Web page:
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APC’s NWC, Oshiomhole under fire ahead of Edo primary

apcs nwc oshiomhole under fire ahead of edo primary 5ede1d819e103

Stakeholders flay party organ, chairman over the process
• ‘Politicians may exploit COVID-19 to perpetrate electoral fraud’

The National Working Committee (NWC) of the All Progressives Congress (APC) came under criticism yesterday over its preparation for the June 22 governorship primary in Edo State.

The NWC had stipulated that the governorship primary would be conducted using the direct method. The state chapter, however, announced its preference for the indirect mode, with respect to the COVID-19 protocols contained in the recent gazette by the state government.

As the two major APC factions in the state continue to hold disparate stands over the mode of primary, the Independent National Electoral Commission (INEC) has since declared its readiness to align with the NWC.

Some stakeholders, however, expressed worries over INEC’s haste in taking sides without due consideration for the legal and other internal disputes within the APC, particularly the purported suspension of National Chairman Adams Oshiomhole.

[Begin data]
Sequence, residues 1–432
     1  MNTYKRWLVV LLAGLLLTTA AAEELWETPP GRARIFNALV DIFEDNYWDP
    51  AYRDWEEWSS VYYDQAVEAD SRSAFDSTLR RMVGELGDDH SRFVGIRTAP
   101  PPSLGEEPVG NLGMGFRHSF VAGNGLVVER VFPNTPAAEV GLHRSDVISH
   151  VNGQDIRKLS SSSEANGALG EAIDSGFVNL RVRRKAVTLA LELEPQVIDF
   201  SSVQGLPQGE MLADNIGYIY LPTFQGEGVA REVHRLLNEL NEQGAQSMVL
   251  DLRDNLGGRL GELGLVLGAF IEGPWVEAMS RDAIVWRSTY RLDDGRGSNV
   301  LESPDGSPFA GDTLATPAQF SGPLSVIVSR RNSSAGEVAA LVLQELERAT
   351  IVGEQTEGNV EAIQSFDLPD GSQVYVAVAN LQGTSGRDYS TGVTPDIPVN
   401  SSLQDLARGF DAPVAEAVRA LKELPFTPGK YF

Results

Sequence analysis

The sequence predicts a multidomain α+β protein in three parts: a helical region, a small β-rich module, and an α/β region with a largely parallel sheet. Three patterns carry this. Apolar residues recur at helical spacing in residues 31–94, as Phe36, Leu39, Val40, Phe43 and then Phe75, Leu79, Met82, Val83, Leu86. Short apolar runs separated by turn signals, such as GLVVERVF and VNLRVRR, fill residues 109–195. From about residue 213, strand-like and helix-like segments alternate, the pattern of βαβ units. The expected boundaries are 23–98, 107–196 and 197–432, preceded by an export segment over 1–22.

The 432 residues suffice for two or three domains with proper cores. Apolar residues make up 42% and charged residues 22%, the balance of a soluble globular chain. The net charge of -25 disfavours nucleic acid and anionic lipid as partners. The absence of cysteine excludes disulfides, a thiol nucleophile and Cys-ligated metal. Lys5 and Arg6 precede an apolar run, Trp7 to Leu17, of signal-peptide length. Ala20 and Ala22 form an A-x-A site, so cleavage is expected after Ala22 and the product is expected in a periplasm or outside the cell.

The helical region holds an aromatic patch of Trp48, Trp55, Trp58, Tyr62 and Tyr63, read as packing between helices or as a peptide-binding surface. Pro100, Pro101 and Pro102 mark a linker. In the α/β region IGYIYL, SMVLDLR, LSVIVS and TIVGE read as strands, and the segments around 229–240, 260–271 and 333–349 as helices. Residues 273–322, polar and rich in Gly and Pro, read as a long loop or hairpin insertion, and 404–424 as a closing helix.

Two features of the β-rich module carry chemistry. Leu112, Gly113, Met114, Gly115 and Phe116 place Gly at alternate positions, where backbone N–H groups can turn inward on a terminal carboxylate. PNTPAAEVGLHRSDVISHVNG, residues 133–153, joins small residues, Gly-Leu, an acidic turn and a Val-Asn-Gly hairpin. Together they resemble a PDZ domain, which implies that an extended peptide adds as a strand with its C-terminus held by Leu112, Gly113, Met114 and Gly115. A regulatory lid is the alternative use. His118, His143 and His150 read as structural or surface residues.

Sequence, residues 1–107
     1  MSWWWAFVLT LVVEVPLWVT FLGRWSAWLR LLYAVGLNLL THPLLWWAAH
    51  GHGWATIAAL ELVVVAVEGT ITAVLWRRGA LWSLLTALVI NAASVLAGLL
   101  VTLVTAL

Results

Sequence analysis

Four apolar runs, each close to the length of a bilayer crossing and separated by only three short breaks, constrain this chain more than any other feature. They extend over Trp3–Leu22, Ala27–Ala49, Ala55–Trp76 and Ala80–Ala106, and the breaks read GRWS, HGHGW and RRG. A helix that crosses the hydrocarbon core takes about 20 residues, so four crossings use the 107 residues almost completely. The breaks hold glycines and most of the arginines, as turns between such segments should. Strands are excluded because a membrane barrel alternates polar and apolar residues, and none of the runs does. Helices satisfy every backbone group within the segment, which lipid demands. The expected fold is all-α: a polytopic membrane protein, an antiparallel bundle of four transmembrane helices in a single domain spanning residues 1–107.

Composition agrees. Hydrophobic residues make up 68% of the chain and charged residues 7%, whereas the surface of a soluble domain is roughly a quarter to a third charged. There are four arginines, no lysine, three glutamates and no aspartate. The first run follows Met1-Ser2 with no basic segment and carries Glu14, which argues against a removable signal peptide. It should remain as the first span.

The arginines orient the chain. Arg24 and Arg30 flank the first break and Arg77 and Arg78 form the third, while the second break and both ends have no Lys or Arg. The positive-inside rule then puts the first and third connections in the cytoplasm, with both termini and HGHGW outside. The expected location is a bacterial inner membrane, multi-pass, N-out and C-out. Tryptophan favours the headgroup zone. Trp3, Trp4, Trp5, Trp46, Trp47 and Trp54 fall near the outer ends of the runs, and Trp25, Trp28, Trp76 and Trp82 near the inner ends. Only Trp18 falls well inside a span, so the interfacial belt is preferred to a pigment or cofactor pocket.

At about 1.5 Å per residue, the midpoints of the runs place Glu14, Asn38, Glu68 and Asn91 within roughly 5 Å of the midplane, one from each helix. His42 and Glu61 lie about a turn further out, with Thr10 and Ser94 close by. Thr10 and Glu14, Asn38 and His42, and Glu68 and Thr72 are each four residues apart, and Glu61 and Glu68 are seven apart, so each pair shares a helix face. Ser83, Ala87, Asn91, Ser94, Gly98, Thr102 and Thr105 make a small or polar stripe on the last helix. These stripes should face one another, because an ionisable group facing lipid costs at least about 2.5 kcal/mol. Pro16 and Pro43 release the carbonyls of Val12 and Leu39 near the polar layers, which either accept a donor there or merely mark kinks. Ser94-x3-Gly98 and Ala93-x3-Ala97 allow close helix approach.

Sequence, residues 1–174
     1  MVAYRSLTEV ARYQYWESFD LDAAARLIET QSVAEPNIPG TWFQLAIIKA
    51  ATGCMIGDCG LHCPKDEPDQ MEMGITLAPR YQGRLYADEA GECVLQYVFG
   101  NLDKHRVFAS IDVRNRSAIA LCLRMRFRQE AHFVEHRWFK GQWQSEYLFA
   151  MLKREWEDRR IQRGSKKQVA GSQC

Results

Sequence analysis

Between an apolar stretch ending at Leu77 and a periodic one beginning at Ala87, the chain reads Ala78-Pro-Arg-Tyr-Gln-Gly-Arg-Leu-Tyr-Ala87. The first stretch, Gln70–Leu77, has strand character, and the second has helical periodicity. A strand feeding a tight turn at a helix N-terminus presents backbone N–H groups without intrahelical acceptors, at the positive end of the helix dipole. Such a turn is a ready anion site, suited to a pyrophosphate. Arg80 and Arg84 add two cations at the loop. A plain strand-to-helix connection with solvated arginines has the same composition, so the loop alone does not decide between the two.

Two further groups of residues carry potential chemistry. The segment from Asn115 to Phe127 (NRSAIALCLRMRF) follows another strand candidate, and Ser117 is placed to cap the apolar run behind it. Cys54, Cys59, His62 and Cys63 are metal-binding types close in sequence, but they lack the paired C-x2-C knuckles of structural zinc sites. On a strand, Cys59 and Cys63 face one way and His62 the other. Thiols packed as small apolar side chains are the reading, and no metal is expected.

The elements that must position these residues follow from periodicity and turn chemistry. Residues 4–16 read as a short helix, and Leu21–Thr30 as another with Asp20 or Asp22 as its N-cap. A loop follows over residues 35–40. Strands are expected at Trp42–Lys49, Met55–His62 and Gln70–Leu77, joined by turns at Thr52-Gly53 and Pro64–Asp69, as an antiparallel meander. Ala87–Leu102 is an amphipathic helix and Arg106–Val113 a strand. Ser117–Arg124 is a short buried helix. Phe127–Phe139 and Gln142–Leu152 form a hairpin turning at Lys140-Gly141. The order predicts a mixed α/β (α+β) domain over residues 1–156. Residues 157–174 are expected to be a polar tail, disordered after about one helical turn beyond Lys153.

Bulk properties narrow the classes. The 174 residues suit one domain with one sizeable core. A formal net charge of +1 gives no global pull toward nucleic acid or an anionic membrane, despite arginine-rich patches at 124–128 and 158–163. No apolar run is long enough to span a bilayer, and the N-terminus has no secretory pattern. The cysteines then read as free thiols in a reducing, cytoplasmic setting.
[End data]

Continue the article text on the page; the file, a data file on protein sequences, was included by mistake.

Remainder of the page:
The confusion over the mode of the primary was made worse by the intractable supremacy battle between the incumbent, Godwin Obaseki, and Oshiomhole. It has been gathered that the party might convene an emergency National Executive Committee (NEC) meeting with a view to resolving the stalemate.

The APC deputy national vice chairman (South/South), Chief Hillard Etta, was optimistic. He told The Guardian that the June 22 governorship primary would put an end to all the misunderstandings and conflicting positions.

He noted that the NWC’s decision to adopt direct primary was informed by two major reasons: the need to give a level-playing field to all the aspirants and also stay safe on pending litigations.

Etta said: “The June 22 primary will settle all issues. Direct or indirect method is in our party’s constitution. Direct or indirect was chosen by every state when we started the process of primary elections in 2019. The governorship election is a culmination of that process; we don’t have two different elections.